Our standard test is the earth loop impedance and this measures on a fault how high the voltage on bonded metalwork can rise before it will open a protective device. It is measured in ohms but we look at the relationship between volts ohms and amps to ensure it can never exceed 50 volts for 0.4 seconds. Because of the time involved this means for an extended period with a B type breaker we are looking at 1/46th of this value less than two volts. A D type would give 1/11.5th and even hear less than 10 volt. RCD’s would allow higher volts but unlikely not to keep tripping anyway. The meter does connect live to earth through a limiting resistor for a very short time in the order of 0.01 seconds the electronics then store this information and calculate the external resistance that the supply must have to allow this to flow and displays this as ohms on the screen and holds the display so the user can read it. It is all this electronics that results in the meter costing around the £300 mark. But even if there is something wrong with the system of earthing for the bonded earthed metalwork to have a different voltage to the ground there must be a second fault. Something connected to the metal work must be allowing line voltage to be connecting to earth and here is also a problem two main methods are used. The high voltage installation tester which uses 500 volt to test for leakage at a voltage exceeding the normal supply voltage and is called in the trade a Mega in the same way as vacuum cleaners are called Hoovers. And the other is an all in one machine known as a PAT tester which also uses 500 volt and both are expensive. But unlike the previous test sometimes you can find the faults with a multi-meter set to highest ohm range but the multi-meter can’t show no fault exists it only shows up some faults and some need the extra voltage and measurement while running that only the PAT tester can do. Even then items like washing machines can take hours to complete there cycle and the PAT tester is normally only used for a few minuets so can still miss faults. Here we come to a bit that is affordable the RCD. Where we suspect something may have an intermittent fault using an extension lead with earth leakage built in can locate which of the items in the house has this fault. Mine uses a 10ma RCD so it trips first before general house one. Fridges and Freezers especially with auto de-frost, Washing machines, Dishwashers and central heating systems all can have hidden faults which only appear at one point of their cycle. The combination of expensive meters and a lot of experience to locate to double fault required to give you these small electric shocks mean it really does need an electrician on site sooner rather than latter. Some faults can be very hard to find like when some plastic piping is used. Enough to mean the main earth bonding is no longer connected to the main mass of pipework but not enough to isolate items like immersion heaters showers etc from taps. In theory the earths connected to immersion heaters showers etc with there supply cable should be enough in practice faults like the one you have are normally a combination of a number of faults so it can still happen. It only takes the builder to brake the cable going to a earth rod when knocking down a wall to start a fault like this. That’s why on completion of any new electrical installation inspection and testing is required and the results documented and since 2004 also copies sent to building control under Part P regulations. Before Part P many builders thought they could make a little extra money doing their own electrics and often the testing and inspecting was never completed. They thought is was a lot of money to get a few wire connected and never realised what testing was done. Even Electricians would have one meter between 10 and when the other guy had it would fudge up some results again the prospect of being caught out with more and more spot inspections by governing bodies has in the main stopped that practice. May be yours was the one that slipped the net. Following links to Part P in projects on page 23 I think is shows you the forms that should be filled in I would expect you never got a copy? It wouldn’t be first time and I expect not the last that builders or electricians fail to hand them over. Claiming loss is safer for them than getting caught out with wrong readings.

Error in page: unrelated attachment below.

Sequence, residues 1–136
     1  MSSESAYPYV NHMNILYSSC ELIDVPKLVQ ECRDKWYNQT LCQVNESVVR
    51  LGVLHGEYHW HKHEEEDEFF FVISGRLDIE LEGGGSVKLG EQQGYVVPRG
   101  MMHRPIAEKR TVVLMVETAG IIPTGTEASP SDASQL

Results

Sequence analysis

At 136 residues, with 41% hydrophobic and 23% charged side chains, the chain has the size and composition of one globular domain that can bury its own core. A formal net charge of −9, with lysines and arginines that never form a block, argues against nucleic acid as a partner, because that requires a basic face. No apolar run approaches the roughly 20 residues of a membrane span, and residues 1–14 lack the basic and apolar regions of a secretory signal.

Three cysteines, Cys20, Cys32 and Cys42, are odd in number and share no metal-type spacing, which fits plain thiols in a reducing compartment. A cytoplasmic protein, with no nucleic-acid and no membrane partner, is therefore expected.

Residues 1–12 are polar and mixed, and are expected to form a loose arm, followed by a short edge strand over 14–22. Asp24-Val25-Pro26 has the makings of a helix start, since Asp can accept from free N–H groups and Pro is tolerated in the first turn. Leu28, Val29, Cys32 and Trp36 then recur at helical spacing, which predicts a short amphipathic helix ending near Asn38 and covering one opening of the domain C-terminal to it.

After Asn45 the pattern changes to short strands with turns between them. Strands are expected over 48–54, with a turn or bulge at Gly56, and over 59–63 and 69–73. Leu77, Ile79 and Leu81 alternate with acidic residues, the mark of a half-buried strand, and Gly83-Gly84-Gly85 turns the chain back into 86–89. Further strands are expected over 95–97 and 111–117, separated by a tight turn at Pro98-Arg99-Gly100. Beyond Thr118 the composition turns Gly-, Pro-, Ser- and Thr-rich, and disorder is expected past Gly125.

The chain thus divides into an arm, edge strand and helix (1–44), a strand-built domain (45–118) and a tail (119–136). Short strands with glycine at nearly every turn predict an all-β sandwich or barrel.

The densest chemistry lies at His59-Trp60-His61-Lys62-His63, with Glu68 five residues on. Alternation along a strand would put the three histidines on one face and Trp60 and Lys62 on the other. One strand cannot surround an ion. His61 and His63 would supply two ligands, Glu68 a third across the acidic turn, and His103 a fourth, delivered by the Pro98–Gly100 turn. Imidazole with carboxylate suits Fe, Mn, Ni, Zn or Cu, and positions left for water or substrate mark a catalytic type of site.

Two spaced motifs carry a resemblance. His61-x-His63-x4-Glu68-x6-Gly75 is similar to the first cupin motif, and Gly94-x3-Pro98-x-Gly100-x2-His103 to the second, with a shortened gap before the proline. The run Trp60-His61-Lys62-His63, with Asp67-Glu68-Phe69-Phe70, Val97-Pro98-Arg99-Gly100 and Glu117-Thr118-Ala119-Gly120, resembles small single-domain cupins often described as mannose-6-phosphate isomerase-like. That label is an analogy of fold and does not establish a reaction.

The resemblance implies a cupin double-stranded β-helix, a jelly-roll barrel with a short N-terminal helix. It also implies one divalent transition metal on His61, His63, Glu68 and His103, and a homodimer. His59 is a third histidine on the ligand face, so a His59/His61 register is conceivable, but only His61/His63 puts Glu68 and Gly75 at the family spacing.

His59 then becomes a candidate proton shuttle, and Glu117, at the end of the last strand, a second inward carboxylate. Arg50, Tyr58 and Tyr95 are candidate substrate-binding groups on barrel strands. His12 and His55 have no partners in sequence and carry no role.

ericmark